L&M's Westerly offer a rational risk
The decision by the Lawrence & Memorial Hospital Corp. to make an aggressive bid to obtain control of the struggling Westerly Hospital is a calculated risk, but a good one. The corporation that oversees the community hospital in New London could choose to rest on its current success, playing it safe and conservative. But in a changing health care market that could prove to be the greater risk.
With federal Medicare payments tightening and efforts accelerating to reduce health care spending, hospitals across the country are seeking partnerships, mergers and acquisitions to remain competitive. By growing smartly, hospitals can reduce management costs, gain greater flexibility in where and how services are offered and provide treatment options once reserved for larger medical institutions.
There is also a defensive element in the L&M Corp.'s bold move to acquire Westerly Hospital. Someone will gain control of that hospital, which entered receivership last December after years of operating at a loss. If it is a competitively aggressive for-profit chain, that could mean difficulties for L&M.
Attorney Mark Russo, the special master the court placed in charge of taking Westerly Hospital through receivership, filed a petition in Rhode Island Superior Court recommending that it accept the "stalking horse" bid from L&M. If, as expected, the court approves, the bid will become the standard by which the court evaluates any subsequent bids.
L&M Corp. submitted what is in essence a $69.1 million bid. That figure includes $22 million to assume existing Westerly Hospital liabilities; $6.5 million to fund a turnaround plan to restore the non-profit community hospital to fiscal health; and $30 million invested over the next five years in technology, equipment, infrastructure and services.
The proposed investment comes as L&M, also a non-profit community hospital, is coming off one of its most fiscally successful years and at a time when it holds an A-plus debt rating, facts that convinced Mr. Russo that L&M can honor its commitments.
Important to local residents, The Westerly Hospital would remain an independent acute care hospital, with its existing name and services, according to the proposal. Both hospitals would have the L&M Corp. as their common, corporate parent.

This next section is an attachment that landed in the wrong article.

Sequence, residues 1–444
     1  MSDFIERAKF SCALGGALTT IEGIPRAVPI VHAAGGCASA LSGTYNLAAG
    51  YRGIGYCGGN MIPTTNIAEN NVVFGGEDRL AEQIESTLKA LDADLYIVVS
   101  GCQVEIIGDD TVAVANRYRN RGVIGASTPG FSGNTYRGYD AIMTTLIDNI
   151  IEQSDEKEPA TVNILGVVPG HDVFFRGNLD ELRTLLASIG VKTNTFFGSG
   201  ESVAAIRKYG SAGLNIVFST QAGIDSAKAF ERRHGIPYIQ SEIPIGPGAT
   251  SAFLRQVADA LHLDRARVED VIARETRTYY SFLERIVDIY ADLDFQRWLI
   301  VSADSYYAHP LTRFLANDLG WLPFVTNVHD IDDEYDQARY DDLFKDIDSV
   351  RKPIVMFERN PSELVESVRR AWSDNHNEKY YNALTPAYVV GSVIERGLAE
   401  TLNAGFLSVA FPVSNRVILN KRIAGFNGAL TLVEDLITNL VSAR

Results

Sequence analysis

Some might question the wisdom of L&M taking control of a struggling community hospital, but Chief Financial Officer Lugene Inzana assures us that L&M has taken a hard look at the root causes of Westerly Hospital's fiscal problems and is satisfied more efficient businesses practices can address them. A major fiscal drag was the North Stonington Health Center that Westerly Hospital opened in 2010. The health center is not included in the sale of the Westerly Hospital.
We recently touted the announcement that L&M would soon begin construction of a $35 million cancer diagnosis and treatment center to be staffed by clinicians from Dana-Farber Cancer Institute. That project alone is a big challenge. Given a choice, the L&M Corp. would probably choose another time to pursue the purchase of a second hospital. But opportunity does not always arrive on a schedule.
L&M began exploring the potential for acquiring Westerly Hospital even before that hospital entered receivership. Its bid shows just how serious it is. It is in the best interests of both the L&M Corp. and the people of the Westerly area that they succeed.
The Day editorial board meets regularly with political, business and community leaders and convenes weekly to formulate editorial viewpoints. It is composed of President and Publisher Tim Dwyer, Editorial Page Editor Paul Choiniere, Managing Editor Tim Cotter, Staff Writer Julia Bergman and retired deputy managing editor Lisa McGinley. However, only the publisher and editorial page editor are responsible for developing the editorial opinions. The board operates independently from the Day newsroom.
Stories that may interest you
Sen. Bernie Sanders was the most authentic of candidates. His policies were never poll driven or focus-group tested.
The philosophy when EB management confronted the pandemic was to get as much work done with as minimal disruption as possible. That was the wrong approach.